- Water Chestnut (~330 plants) found/removed in Chautauqua Lake Outlet in June-October 2022
- Collaborative efforts among CWC, ACNC, Alliance, WNY PRISM, and Volunteers
- Starry Stonewort found in Chautauqua Lake in Ashville Bay and near Prendergast Point in August 2022. Management planning work underway by CWC
- This species of macro-algae has been found in Chautauqua Lake since around 2009.
- CWC’s 2022 surveys have documented at least 7.25 acres of Starry Stonewort across two areas of the lake (Ashville Bay and Prendergast Point)
- Contact the Chautauqua Watershed Conservancy (CWC) to get involved
- To help observe/report on your own, please sign up for iMapInvasives: www.imapinvasives.org/
- Water Chestnut (~330 plants) found/removed in Chautauqua Lake Outlet in June-October 2022
- 2018 Busti Precision Swales Stabilization (NYSDEC WQIP)
- Grant closeout underway
- 2021 Village of Lakewood Grandview Stormwater Management Project (NYSDEC WQIP)
- Project aims to create a series of pocket wetland structures to capture and treat ~100,000 cubic feet stormwater from the Grandview subdivision with the goal of reducing flooding along Rte. 394 and sediment and nutrient loading in Chautauqua Lake. A trail is planned for around the project providing an educational and recreational opportunity for the public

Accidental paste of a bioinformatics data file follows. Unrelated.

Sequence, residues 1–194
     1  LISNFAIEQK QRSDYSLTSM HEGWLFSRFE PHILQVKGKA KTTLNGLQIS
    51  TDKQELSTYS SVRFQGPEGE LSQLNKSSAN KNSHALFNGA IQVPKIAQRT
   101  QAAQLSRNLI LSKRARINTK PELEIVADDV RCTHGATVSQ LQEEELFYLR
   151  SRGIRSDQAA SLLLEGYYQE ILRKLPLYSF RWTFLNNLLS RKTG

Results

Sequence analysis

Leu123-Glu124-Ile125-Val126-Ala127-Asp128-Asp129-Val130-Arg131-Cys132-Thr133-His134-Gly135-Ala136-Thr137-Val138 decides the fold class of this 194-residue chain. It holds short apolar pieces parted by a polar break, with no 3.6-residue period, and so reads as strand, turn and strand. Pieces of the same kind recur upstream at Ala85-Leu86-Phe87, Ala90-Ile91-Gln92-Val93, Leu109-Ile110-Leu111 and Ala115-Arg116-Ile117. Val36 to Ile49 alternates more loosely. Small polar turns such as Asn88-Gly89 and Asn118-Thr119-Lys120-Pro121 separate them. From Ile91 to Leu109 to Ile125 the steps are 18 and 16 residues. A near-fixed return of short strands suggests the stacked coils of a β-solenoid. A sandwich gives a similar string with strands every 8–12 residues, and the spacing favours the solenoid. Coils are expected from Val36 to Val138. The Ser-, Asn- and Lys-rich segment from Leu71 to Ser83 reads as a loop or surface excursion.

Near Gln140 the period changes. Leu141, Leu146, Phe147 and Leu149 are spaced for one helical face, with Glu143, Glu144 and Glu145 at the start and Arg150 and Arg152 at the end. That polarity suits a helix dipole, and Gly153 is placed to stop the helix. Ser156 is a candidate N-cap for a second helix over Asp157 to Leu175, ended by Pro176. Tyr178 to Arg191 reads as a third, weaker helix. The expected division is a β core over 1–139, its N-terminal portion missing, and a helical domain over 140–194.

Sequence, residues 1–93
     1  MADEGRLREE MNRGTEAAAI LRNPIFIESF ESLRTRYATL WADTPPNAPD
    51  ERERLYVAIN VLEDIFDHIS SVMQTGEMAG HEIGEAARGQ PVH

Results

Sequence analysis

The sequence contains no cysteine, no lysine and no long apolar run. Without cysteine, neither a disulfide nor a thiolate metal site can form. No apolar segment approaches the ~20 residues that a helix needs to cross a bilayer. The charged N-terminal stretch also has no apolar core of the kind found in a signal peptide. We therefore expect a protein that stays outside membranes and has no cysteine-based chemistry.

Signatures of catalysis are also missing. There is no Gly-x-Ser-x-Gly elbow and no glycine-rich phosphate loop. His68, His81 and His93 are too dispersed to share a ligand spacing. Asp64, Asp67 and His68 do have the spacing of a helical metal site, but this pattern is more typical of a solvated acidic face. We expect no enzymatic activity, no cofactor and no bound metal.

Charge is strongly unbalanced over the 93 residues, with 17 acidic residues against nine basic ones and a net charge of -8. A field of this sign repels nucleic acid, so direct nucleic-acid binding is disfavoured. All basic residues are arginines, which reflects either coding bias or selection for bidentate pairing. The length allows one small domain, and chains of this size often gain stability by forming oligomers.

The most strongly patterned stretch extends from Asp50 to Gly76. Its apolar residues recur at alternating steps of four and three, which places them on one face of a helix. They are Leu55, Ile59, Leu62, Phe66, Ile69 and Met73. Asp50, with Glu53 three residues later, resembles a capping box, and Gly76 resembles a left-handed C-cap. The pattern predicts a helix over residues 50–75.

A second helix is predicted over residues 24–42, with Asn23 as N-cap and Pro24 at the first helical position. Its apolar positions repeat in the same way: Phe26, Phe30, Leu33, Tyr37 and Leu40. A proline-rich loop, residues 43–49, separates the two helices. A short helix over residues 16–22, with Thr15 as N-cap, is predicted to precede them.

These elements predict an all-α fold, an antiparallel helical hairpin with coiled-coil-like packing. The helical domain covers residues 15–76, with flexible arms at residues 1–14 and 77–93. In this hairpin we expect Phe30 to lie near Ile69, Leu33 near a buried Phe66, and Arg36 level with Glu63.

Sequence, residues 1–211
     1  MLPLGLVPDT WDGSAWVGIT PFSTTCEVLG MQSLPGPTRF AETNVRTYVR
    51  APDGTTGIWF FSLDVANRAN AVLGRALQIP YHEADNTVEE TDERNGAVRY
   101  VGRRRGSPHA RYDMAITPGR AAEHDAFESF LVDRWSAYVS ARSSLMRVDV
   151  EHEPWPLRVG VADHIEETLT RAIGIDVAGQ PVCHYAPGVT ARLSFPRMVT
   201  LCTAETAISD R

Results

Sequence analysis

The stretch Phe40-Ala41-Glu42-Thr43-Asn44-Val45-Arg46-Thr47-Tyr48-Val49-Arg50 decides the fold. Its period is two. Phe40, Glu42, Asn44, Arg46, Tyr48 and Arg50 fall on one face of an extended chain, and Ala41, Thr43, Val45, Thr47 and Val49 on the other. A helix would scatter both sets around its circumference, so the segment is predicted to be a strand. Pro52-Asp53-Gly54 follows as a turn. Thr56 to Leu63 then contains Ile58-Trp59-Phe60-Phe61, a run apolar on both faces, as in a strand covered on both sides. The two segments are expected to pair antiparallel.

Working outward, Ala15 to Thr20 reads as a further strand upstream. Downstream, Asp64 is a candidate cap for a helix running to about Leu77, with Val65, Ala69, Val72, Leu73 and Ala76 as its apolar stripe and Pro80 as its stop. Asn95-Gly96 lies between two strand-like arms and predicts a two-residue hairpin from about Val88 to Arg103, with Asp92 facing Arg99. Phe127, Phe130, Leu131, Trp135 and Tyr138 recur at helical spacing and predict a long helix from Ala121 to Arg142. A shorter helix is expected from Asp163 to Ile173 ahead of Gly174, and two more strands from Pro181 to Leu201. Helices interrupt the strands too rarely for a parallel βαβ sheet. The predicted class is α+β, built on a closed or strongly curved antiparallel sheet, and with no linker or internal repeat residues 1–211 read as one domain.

- Engineering underway by EcoStrategies
- Preparing Invitation for Bids
- 2021 Town of North Harmony Ball Creek Stabilization Project (NYSDEC WQIP)
- Project aims to stabilize ~440 linear feet of streambank along Ball Creek in the Town of North Harmony to reduce sediment and nutrient loading in Chautauqua Lake
- Engineering on Tri-James Bend underway by EcoStrategies
- Preparing Invitation for Bids
- 2021 Town of Chautauqua Roadside Swales Stabilization Project (NYSDEC WQIP)
- Project aims to stabilize ~16,000 linear feet of swales within the Town of Chautauqua to reduce sediment and nutrient loading in Chautauqua Lake.
- State Assistance Contract execution complete
- Preparing engineering Request for Proposals (RFP)
- 2022 Town of Chautauqua Stream Culvert Assessments (NYSDEC NPG)
- NYSDEC announced on 3/6/23 that the Town has been awarded a non-point source planning grant to assess road/stream culvert crossings at two locations within the Chautauqua Lake watershed and will produce an engineering design report for projects that address erosion caused by failing or inadequately sized culverts.
- 2022 Village of Lakewood Commercial Corridor Stormwater Engineering Study – Mall Boulevard (NYSDEC NPG)
- NYSDEC announced on 3/6/23 that the Village has been awarded a non-point source planning grant to complete a stormwater engineering study for the Chautauqua Mall Boulevard commercial corridor to reduce excessive stormwater runoff in the study area and improve water quality entering Chautauqua Lake.
- 2022 Town of North Harmony Ball Creek Stabilization Engineering Study Phase II (NYSDEC NPG)